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# Jacobi coordinates

In the theory of many-particle systems, Jacobi coordinates often are used to simplify the mathematical formulation. These coordinates are particularly common in treating polyatomic molecules and chemical reactions,[3] and in celestial mechanics.[4] An algorithm for generating the Jacobi coordinates for N bodies may be based upon binary trees.[5] In words, the algorithm is described as follows:[5]

Let *m*_{j} and *m*_{k} be the masses of two bodies that are replaced by a new body of virtual mass *M* = *m*_{j} + *m*_{k}. The position coordinates **x**_{j} and **x**_{k} are replaced by their relative position **r**_{jk} = **x**_{j} − **x**_{k} and by the vector to their center of mass **R**_{jk} = (*m*_{j} *q*_{j} + *m*_{k}*q*_{k})/(*m*_{j} + *m*_{k}). The node in the binary tree corresponding to the virtual body has *m*_{j} as its right child and *m*_{k} as its left child. The order of children indicates the relative coordinate points from **x**_{k} to **x**_{j}. Repeat the above step for *N* − 1 bodies, that is, the *N* − 2 original bodies plus the new virtual body.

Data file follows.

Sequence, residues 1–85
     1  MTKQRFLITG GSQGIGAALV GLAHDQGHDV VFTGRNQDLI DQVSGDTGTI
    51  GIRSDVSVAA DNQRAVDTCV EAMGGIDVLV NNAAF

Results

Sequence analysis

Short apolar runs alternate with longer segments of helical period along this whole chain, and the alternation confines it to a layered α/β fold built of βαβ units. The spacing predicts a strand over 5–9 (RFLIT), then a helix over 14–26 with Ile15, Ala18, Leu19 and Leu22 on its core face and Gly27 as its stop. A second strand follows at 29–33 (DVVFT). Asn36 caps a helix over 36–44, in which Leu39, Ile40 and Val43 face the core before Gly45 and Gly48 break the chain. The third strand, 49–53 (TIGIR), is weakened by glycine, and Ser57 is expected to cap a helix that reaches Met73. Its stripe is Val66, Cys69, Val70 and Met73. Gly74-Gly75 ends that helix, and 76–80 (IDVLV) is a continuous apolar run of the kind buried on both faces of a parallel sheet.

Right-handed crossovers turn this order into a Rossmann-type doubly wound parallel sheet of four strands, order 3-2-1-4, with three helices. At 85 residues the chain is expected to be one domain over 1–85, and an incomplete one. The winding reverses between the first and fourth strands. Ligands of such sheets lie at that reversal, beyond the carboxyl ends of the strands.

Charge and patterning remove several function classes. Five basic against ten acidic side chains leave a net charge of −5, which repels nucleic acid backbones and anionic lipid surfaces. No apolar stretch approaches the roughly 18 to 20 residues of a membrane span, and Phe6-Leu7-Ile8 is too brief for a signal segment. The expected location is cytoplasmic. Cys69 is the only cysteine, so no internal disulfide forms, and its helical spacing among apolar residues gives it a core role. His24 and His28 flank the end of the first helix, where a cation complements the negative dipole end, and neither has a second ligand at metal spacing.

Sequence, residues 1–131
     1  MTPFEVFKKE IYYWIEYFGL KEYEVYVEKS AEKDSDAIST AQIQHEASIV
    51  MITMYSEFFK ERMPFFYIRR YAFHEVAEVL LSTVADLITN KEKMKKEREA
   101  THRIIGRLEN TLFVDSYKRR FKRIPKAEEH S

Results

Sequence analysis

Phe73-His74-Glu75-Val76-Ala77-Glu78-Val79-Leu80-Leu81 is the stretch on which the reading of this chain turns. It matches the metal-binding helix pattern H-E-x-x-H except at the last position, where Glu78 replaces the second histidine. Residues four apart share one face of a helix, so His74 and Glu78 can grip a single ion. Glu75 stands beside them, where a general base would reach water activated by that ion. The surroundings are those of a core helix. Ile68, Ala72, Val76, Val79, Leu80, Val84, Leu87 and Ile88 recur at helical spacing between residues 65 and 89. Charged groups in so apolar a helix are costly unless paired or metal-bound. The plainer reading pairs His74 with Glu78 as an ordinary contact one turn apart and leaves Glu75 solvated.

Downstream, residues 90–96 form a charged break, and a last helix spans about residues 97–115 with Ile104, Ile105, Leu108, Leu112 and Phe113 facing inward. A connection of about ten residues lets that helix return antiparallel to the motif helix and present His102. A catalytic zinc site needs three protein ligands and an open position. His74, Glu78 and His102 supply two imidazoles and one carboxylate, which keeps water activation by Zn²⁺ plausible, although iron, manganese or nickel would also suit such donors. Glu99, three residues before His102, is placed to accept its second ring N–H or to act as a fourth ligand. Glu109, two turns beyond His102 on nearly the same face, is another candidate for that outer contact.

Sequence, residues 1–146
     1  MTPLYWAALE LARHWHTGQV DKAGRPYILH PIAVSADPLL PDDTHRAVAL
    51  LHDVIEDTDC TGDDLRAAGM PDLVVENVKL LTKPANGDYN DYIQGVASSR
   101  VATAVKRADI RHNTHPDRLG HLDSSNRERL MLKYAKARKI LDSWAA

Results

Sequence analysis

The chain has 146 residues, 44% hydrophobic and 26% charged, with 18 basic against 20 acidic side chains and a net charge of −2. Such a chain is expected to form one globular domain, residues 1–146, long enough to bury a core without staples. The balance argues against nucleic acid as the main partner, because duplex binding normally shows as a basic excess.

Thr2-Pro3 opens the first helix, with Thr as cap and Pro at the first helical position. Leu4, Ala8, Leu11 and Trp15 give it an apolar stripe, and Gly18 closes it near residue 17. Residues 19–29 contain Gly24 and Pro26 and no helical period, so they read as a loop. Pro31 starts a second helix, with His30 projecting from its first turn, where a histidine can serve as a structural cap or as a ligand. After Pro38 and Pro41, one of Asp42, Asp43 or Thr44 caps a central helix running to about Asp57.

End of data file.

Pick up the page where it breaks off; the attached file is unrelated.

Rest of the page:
For the four-body problem the result is:[2]

\( \boldsymbol{r_1 = x_1 - x_2} \ , \)

\( \boldsymbol{r_j }= \frac{1}{m_{0j}} \sum_{k=1}^j m_k\boldsymbol {x_k} \ - \ \boldsymbol{x_{j+1}}\ , \)

with

\( m_{0j} = \sum_{k=1}^j \ m_k \ . \)

The vector R is the center of mass of all the bodies:

\( \boldsymbol R = \frac{1}{m_0} \sum_{k=1}^N\ m_k \boldsymbol{x_k} \ ; m_0 = \sum_{k=1}^N\ m_k \ . \)

The result one is left with is thus a system of N translationally-invariant coordinates and a reduced mass, from iteratively treats and reducing two-body systems within the many-body system.

References

David Betounes (2001). Differential Equations. Springer. p. 58; Figure 2.15. ISBN 0-387-95140-7.

Patrick Cornille (2003). "Partition of forces using Jacobi coordinates". Advanced electromagnetism and vacuum physics. World Scientific. p. 102. ISBN 981-238-367-0.

John Z. H. Zhang (1999). Theory and application of quantum molecular dynamics. World Scientific. p. 104. ISBN 981-02-3388-4.

For example, see Edward Belbruno (2004). Capture Dynamics and Chaotic Motions in Celestial Mechanics. Princeton University Press. p. 9. ISBN 0-691-09480-2.

Hildeberto Cabral, Florin Diacu (2002). "Appendix A: Canonical transformations to Jacobi coordinates". Classical and celestial mechanics. Princeton University Press. p. 230. ISBN 0-691-05022-8.

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